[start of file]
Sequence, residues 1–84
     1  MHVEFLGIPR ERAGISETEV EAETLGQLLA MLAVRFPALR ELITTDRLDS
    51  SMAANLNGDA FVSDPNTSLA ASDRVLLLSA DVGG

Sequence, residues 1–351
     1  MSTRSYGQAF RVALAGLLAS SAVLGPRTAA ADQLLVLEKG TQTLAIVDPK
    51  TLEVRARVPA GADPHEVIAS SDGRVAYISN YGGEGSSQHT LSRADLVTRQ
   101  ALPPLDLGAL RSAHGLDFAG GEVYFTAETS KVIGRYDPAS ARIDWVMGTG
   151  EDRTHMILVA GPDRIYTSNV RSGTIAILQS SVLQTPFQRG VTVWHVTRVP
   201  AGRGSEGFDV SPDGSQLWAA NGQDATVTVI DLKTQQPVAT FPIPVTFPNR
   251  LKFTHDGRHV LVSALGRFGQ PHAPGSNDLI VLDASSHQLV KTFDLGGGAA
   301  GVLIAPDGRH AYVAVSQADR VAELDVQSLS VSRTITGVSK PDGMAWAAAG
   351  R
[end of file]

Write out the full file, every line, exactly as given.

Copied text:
Sequence, residues 1–84
     1  MHVEFLGIPR ERAGISETEV EAETLGQLLA MLAVRFPALR ELITTDRLDS
    51  SMAANLNGDA FVSDPNTSLA ASDRVLLLSA DVGG

Sequence, residues 1–351
     1  MSTRSYGQAF RVALAGLLAS SAVLGPRTAA ADQLLVLEKG TQTLAIVDPK
    51  TLEVRARVPA GADPHEVIAS SDGRVAYISN YGGEGSSQHT LSRADLVTRQ
   101  ALPPLDLGAL RSAHGLDFAG GEVYFTAETS KVIGRYDPAS ARIDWVMGTG
   151  EDRTHMILVA GPDRIYTSNV RSGTIAILQS SVLQTPFQRG VTVWHVTRVP
   201  AGRGSEGFDV SPDGSQLWAA NGQDATVTVI DLKTQQPVAT FPIPVTFPNR
   251  LKFTHDGRHV LVSALGRFGQ PHAPGSNDLI VLDASSHQLV KTFDLGGGAA
   301  GVLIAPDGRH AYVAVSQADR VAELDVQSLS VSRTITGVSK PDGMAWAAAG
   351  R